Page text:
Sound Transit said this Monday’s trains carried around 47,000 riders while Tuesday’s numbers hit a whopping 57,000. Saturday’s grand opening day of free rides, meanwhile, generated 67,000 boardings – “easily the system’s single biggest ridership day since we had about 71,000 during the Super Bowl parade celebration in February, 2014,” Sound Transit said.

Starting next week with the Monday morning rush, Sound Transit said it will introduce more three-car trains into the mix to better serve commuters:

These numbers are especially encouraging considering UW is on spring break and Seattle Central Community College is in exams week when there are many fewer students at the Capitol Hill campus. And King County Metro’s major NE Seattle bus restructure to provide frequent connections to and from University of Washington Station doesn’t begin until this coming Saturday.

With that in mind, Sound Transit has decided to add additional rail cars on the line during peak hours beginning next Monday. Starting on Monday, riders can expect to see a mix of two and three-car trains during the morning and evening rush hours. While the additional service will help alleviate crowding on some trains, riders should remember to move to the ends and center of light rail cars to make room for others getting on at the next station, put bags under seats and take off backpacks while on crowded trains.

The Metro update begins Saturday. CHS outlined the changes for Capitol Hill service here.

Though it only has a few days worth or ridership totals to work with, Sound Transit is moving quickly to keep the good vibes flowing around the extended system. Thursday, the agency is expected to announce details of the routes proposed for its next round of funding, Sound Transit 3.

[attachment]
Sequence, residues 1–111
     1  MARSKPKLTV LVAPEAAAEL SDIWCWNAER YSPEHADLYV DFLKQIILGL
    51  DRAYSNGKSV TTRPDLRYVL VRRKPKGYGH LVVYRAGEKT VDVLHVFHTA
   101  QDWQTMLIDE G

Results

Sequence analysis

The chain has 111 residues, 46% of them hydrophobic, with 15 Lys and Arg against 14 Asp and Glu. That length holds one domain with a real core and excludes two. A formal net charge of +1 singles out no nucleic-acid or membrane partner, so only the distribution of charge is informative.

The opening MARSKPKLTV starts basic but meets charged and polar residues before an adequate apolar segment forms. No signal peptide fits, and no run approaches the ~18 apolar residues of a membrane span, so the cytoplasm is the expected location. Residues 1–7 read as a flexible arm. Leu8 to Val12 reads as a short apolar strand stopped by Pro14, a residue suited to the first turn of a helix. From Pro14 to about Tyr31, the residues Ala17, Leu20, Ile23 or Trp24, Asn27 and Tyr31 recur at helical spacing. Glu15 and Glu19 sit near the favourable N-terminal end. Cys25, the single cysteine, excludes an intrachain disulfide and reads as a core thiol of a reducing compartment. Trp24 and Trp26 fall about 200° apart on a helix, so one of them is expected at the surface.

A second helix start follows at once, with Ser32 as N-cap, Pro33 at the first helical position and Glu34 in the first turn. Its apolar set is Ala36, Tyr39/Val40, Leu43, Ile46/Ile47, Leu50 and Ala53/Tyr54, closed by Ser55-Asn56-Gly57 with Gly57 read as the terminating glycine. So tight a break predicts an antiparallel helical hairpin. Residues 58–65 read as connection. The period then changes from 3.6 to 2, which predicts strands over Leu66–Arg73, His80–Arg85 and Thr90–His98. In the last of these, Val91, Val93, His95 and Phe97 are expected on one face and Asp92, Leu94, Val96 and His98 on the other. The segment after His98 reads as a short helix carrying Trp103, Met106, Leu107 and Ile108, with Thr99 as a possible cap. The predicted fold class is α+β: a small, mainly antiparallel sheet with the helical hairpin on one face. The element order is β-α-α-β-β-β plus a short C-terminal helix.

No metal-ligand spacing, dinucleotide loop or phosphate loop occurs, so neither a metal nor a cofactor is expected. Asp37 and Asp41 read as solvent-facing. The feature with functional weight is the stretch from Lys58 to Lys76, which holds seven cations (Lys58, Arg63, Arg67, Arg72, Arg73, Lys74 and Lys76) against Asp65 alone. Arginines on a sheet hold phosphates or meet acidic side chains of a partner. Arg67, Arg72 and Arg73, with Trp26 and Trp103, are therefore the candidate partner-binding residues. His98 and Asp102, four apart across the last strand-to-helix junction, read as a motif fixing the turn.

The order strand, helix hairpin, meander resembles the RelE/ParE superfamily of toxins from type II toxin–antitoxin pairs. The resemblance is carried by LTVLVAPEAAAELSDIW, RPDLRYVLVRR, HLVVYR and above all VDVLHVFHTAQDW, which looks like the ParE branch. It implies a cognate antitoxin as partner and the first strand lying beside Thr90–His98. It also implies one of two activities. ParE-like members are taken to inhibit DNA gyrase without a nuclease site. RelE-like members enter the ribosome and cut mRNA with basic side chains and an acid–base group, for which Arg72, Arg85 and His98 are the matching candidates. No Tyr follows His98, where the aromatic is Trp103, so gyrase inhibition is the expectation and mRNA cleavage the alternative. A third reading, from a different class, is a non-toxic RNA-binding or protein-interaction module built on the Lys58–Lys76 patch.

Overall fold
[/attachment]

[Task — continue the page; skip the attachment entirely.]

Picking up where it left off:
The first weekday service at Capitol Hill Station definitely attracted explorers but it was also clearly a facility kicked into full work-day motion. CHS visited to talk with commuters on their first day using the new station and found a similar theme: the search for a lower-stress commute.

The Seattle Times also reports: “public-education ads and train announcements are coming. Put your backpack under your seat or between your legs. Don’t block the doorways. Move to the ends of the trains.”

By 2030, around 14,000 Capitol Hill riders are expected to board the light rail trains each day. However, Sound Transit tells CHS that a revised projection would show even more usage as the system improvements in Sound Transit 2 were not factored into the original estimates. Sound Transit says that from 2015-2017, light rail’s average weekday ridership is projected to increase by about 26,000 boardings.

Central District light rail: Judkins Park Station slated to break ground mid-2017


As U-Link light rail moves from weekend novelty to weekday workhorse, Sound Transit is preparing for its next major expansion in the region that will include bringing light rail to the Central District.

In 2023, the fully-funded and almost completely designed East Link light rail line is planned to connect Bellevue, Redmond, and Seattle across the I-90 bridge. It will also include one stop in Seattle smack-dab in the middle of I-90 just south of Judkins Park. Construction on Judkins Park Station is slated to begin by mid-2017. It will be the western-most station on the 10-stop East Link line which is expected to carry 50,000 riders by 2030.

Just as light rail connections at the UW and Capitol Hill have expanded notions of what is “close by,” the Judkins station is poised to do the same for the Central Area. Continue reading

Commuters take their first spin through Capitol Hill Station

IMG_4946Amarinthia Torres was watching a stopwatch on her phone while she waited to board a train at Capitol Hill Station Monday morning. 35 minutes door-to-door was the time to beat to get to her office at a Columbia City nonprofit. That’s how long her typical commute takes by riding the 9 bus from her Capitol Hill apartment.